Am I Entitled to an English Language Court Interpreter in South Carolina?
If you are going to be involved in a criminal case in South Carolina and you’re not fluent in English, you may wonder if you can have an interpreter help you in court. In general, yes. There are, however, some caveats. Here is what you need to know about court-appointed spoken language interpreters in South Carolina.
(Note that South Carolina also provides for sign language interpreters for deaf individuals, which is covered in the SC Code here.)
Who can get a court interpreter?
According to South Carolina code, any witness, victim, or other party in a criminal proceeding is able to get a court-appointed interpreter, as long as they do not speak or understand English well enough to testify and/or comprehend the court proceedings.
The use of an interpreter, however, may be waived by the court if it is not necessary to obtain justice.
What does the interpreter do?
Court interpreters who are appointed by the court provide interpreting services during court proceedings. They are distinct from table interpreters, who are contracted by an attorney, and who provide interpretation services during attorney-client meetings or hearings. One person may not serve as both the court interpreter and table interpreter in the same case.
How do I get an interpreter for a criminal case I’m involved in?
Tell your attorney, the Clerk of the Court, or the Solicitor that you are requesting a spoken language interpreter. The court is responsible for appointing a certified or qualified interpreter. The Division of Court Administration maintains a list of certified and qualified interpreters, but someone who is not on the list is not barred from acting as a court interpreter.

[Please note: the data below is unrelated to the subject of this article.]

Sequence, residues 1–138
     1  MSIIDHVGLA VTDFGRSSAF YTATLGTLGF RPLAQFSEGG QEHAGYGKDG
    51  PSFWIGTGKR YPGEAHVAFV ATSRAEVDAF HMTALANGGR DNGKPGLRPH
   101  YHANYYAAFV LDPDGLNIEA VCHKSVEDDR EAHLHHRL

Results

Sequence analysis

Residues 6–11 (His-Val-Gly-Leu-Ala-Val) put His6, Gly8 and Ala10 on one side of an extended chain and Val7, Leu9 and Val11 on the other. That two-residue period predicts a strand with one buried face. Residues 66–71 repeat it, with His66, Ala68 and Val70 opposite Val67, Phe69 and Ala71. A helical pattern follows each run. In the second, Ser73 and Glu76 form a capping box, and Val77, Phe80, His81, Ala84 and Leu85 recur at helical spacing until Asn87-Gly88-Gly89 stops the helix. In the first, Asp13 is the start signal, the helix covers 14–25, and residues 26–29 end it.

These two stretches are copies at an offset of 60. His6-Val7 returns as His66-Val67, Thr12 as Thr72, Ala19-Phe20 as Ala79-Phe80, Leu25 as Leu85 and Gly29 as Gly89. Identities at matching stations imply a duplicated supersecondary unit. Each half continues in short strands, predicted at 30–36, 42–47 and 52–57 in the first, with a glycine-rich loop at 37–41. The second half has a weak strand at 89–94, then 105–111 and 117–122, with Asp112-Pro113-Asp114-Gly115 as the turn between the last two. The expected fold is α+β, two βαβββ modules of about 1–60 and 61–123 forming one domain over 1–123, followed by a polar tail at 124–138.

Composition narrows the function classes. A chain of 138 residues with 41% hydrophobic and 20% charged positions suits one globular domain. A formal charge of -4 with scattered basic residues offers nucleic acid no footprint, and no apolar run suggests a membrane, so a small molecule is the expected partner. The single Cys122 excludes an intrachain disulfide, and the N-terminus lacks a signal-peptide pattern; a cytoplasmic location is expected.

Can anyone act as the interpreter?
No. South Carolina code specifies that the interpreter must be qualified or certified. A “qualified interpreter” is someone who is over 18, is not related to any party or witness in the case, is not confined to an institution, and who speaks English and a foreign language fluently and is able to interpret simultaneously and consecutively and translate documents.
A “certified interpreter” is someone who meets all the qualifications of a qualified interpreter and who is also certified by a state or federal administrative office or a nationally recognized professional organization.
Am I responsible for paying the interpreter?
Typically, no. The South Carolina Judicial Department pays the court interpreter and you are not usually expected to pay.
Get Help from Bilingual Professionals at The Carolina Law Group
If you’re involved in a criminal matter in South Carolina, you want an experienced attorney by your side. The defense attorneys at The Carolina Law Group have experience handling matters from traffic violations to violent crimes and are ready to help you at each stage of your case all the way through going to trial, if necessary. We are also proud to have many Spanish speaking people at The Carolina Law Group who can make the process easier every step of the way for our Spanish-speaking clients. Schedule your free, no-obligation consultation with us by calling one of the numbers below.
The Carolina Law Group has four offices in upstate South Carolina for your convenience: Greenville (principal office; call 864.312.4444), West Greenville (864.312.4444), Greer (principal office; call 864.757.5555), and Spartanburg (principal office; call 864.757.5555). Call today.